Mediterranean Sea Comes Under Threat from Lionfish Invasion
Majestic but venomous, the lionfish has been a scourge to reef systems in the Caribbean - and now it is bringing its peskiness to the Mediterranean Sea. The common lionfish (Pterois miles) is a species alien to the Mediterranean ecosystem, but fishers and divers have reported an increased number of sightings of the invader.
The uptick in sightings is documented by a study published in the journal Marine Biodiversity Records. The research team, comprising scientists from the Cyprus-based Marine and Environmental Research (MER) Lab and England's Plymouth University, offers a distribution map showing that the invasive lionfish have established themselves across nearly the entire southeastern coast of Cyprus within a single year.
Previously, sightings of the fish in Mediterranean waters came but rarely. According to Science News, a lone lionfish sighting was recorded in 1991, but over two decades passed before the fish were encountered again, when two specimens were caught off the coast of Lebanon in 2012. Since then, lionfish have been spotted in waters off Cyprus, Turkey and Greece.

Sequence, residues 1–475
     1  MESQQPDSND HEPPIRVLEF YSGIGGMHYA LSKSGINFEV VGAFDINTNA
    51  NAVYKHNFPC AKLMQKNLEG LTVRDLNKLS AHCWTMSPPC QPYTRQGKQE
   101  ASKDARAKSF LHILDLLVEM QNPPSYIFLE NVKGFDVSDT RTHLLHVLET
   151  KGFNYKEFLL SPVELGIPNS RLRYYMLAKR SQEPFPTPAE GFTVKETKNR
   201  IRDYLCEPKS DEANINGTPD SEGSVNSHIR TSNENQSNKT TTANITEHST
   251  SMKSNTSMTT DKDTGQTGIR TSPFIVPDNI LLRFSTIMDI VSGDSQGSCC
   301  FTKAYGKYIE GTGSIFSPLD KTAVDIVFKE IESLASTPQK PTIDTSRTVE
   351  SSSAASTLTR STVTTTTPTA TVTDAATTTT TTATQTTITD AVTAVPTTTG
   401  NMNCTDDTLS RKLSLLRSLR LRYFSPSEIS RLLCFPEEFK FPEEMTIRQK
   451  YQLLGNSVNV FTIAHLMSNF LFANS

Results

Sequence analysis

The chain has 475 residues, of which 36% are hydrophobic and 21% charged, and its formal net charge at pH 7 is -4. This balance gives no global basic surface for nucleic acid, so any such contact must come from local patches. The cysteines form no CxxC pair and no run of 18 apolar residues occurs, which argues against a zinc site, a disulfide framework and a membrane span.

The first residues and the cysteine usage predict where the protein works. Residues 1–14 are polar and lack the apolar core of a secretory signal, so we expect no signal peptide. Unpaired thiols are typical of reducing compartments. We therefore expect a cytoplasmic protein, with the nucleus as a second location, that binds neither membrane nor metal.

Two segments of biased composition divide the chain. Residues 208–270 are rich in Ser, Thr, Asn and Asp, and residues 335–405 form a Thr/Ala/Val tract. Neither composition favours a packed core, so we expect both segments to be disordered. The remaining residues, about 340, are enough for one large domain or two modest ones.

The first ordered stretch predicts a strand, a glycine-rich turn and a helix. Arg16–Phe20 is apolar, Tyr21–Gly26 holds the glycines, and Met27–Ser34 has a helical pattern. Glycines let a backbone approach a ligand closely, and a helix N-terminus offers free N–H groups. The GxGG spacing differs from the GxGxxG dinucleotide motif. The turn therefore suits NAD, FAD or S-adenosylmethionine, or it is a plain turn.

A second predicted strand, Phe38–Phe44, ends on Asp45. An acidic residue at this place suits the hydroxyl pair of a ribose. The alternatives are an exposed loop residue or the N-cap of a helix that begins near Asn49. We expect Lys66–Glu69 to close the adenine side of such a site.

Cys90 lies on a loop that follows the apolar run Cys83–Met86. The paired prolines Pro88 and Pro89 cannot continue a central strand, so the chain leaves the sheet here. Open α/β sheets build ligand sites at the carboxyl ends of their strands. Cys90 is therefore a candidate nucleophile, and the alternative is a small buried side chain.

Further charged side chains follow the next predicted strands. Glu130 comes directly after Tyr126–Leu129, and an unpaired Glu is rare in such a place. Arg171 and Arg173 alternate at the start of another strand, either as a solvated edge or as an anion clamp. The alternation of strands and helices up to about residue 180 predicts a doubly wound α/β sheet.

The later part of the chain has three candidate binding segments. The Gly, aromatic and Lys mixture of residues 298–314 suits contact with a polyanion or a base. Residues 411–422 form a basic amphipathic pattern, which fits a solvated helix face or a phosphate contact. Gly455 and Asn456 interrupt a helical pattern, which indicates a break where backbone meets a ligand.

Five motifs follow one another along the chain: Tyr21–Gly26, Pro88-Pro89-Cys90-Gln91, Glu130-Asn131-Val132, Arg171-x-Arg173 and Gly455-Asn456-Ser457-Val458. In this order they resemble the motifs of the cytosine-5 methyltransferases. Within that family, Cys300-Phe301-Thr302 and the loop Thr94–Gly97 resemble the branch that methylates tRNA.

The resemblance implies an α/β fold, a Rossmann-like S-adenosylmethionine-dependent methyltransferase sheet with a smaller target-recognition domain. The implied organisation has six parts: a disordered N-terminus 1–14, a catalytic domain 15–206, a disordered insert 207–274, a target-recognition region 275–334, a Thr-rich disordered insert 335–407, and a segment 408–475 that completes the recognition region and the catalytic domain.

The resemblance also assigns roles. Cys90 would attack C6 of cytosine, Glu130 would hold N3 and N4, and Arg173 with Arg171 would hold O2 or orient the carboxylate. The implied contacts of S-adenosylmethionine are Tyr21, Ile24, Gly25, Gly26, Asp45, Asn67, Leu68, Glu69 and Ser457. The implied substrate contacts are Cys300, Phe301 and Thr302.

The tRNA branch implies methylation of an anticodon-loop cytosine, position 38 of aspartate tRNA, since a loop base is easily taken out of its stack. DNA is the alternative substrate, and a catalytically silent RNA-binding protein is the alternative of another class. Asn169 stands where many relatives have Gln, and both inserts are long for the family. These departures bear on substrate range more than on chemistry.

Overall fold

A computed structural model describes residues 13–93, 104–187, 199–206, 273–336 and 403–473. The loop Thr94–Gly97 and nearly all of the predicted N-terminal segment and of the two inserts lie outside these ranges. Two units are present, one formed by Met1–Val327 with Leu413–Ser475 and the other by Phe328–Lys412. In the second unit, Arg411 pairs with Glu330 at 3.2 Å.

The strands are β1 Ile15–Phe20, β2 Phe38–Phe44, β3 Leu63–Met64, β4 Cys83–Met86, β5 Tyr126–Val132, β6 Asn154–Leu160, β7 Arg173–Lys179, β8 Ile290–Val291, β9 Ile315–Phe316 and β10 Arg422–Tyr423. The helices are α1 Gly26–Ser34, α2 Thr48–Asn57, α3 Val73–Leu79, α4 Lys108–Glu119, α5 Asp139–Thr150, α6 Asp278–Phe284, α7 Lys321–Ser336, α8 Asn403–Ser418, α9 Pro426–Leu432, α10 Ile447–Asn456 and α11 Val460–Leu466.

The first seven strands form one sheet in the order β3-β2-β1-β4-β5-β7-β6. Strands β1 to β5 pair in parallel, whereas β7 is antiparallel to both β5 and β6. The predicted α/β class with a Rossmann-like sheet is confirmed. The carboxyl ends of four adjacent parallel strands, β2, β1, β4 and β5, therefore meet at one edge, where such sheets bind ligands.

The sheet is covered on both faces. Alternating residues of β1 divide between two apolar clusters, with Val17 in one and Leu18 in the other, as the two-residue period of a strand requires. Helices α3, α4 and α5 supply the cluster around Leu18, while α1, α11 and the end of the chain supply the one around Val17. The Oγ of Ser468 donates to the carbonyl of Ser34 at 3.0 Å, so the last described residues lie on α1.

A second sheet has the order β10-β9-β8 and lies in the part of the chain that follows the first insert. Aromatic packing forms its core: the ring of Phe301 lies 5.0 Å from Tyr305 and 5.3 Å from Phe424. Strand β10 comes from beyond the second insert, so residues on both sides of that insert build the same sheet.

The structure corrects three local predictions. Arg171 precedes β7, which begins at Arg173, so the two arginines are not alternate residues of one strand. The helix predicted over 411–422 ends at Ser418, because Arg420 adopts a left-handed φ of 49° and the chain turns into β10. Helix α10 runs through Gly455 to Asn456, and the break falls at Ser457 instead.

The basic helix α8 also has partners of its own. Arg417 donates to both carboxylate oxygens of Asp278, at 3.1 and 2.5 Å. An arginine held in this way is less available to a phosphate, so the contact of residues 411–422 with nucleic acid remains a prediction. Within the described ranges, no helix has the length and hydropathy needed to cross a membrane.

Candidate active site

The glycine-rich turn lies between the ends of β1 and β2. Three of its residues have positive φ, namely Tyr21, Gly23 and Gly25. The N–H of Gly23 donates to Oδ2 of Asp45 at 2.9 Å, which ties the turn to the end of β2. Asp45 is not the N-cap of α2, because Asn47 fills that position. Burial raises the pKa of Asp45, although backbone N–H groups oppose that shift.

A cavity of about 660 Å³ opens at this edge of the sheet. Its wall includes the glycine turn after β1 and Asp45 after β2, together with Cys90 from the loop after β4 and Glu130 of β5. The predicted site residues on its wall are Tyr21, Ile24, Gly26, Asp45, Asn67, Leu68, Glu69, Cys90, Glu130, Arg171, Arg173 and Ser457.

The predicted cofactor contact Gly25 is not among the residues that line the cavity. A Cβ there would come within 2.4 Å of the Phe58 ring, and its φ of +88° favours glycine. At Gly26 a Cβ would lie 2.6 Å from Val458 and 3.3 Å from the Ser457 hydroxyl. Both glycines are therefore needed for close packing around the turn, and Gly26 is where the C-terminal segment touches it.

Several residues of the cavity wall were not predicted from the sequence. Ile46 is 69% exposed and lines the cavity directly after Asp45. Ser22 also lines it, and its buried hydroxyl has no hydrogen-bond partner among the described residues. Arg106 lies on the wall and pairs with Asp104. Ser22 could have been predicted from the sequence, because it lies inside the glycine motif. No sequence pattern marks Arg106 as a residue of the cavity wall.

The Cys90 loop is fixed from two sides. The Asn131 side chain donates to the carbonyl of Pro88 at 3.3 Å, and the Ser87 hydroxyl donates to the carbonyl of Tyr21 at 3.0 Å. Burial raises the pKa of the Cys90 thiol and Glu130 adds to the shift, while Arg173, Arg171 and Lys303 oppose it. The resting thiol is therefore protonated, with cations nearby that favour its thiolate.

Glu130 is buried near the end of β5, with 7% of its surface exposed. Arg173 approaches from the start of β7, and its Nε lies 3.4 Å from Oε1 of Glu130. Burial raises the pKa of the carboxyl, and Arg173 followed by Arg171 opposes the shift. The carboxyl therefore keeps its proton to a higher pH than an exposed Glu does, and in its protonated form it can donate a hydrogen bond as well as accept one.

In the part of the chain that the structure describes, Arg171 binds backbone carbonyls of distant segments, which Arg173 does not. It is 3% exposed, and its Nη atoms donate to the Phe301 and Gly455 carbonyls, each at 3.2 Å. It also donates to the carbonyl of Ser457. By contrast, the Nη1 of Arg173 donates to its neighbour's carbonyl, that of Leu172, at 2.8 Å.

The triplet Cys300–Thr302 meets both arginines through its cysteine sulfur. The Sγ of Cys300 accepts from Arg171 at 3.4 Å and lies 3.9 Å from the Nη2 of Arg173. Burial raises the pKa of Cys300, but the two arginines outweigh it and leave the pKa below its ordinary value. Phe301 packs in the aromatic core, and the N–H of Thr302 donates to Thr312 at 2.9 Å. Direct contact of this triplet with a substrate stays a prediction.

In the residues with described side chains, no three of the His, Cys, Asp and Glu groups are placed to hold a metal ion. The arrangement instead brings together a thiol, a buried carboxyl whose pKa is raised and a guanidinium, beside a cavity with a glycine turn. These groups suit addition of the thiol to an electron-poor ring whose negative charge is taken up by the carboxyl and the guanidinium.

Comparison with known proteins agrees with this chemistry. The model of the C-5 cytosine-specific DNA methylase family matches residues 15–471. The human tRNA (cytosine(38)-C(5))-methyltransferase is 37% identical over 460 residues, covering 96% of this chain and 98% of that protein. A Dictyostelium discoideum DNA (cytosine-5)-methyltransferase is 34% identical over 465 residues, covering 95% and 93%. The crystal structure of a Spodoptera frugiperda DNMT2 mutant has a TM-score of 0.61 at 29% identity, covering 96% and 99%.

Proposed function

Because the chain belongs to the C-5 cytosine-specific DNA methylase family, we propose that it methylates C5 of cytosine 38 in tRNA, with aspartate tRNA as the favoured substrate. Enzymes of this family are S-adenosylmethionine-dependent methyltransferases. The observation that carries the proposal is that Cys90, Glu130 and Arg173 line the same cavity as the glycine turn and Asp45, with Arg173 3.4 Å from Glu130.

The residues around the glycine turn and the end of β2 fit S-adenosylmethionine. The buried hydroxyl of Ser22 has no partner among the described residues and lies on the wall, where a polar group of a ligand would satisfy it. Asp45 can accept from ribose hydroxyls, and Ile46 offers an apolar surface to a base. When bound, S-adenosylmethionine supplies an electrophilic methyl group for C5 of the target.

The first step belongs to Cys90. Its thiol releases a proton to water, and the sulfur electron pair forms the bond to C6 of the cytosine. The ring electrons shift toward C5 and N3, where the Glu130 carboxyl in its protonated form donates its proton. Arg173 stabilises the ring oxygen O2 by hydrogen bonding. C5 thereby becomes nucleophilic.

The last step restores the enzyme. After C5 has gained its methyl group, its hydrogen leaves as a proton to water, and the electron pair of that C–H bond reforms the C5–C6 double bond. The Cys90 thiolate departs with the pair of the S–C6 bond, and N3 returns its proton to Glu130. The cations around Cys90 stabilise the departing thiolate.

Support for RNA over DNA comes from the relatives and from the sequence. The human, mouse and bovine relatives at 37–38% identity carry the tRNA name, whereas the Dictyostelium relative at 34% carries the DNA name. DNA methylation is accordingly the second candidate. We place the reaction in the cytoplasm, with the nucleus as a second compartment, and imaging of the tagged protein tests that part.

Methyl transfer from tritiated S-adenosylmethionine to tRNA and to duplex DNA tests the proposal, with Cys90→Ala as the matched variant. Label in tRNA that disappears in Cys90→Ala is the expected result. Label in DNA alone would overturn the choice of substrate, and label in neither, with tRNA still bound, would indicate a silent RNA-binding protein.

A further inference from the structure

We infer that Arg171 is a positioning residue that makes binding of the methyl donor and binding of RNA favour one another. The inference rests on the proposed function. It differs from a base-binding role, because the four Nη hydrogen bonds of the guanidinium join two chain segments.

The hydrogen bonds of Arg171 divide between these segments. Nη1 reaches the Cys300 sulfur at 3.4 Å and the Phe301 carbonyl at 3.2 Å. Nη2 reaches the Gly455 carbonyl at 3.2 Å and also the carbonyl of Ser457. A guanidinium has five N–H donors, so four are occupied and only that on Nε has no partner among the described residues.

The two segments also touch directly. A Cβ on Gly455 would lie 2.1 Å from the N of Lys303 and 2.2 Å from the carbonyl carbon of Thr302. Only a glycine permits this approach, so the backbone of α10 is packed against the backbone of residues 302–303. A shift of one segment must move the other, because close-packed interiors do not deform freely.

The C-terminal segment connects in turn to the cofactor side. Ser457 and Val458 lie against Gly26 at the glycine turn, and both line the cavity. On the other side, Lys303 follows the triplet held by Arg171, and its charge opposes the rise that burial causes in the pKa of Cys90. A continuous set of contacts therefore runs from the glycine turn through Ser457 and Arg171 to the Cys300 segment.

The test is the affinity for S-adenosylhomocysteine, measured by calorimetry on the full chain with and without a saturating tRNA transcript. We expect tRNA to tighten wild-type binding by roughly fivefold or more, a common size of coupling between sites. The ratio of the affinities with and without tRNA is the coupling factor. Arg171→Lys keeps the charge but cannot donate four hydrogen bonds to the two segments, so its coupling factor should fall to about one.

The good news is that the invasion is not too great, for the meantime. The journal article's abstract refers to "at least 23 different fish" reported. This gives marine ecologists time to act before the lionfish population gets out of control and possibly bring about irreversible damage to Mediterranean Sea reef systems.
They will have to act quickly. The article's lead author, MER Lab director Demetris Kletou, informed LiveScience that the Mediterranean was once thought to be an unsuitable habitat for lionfish breeding to take place successfully. But warming sea temperatures have cultivated an environment in which they may flourish.
Indeed, the researchers have found signs of lionfish mating activity in the Mediterranean. "It appears that the lionfish have found their niche, formed reproductive populations and are now established," they conclude.
That suggests it is time for authorities to step up to nip the invasion in the bud. Lionfish are fairly easy to collect and remove, and fisherman can be trained to perform the task. They'll have an additional incentive: lionfish can make for a tasty delicacy, as long as their venomous spines are removed.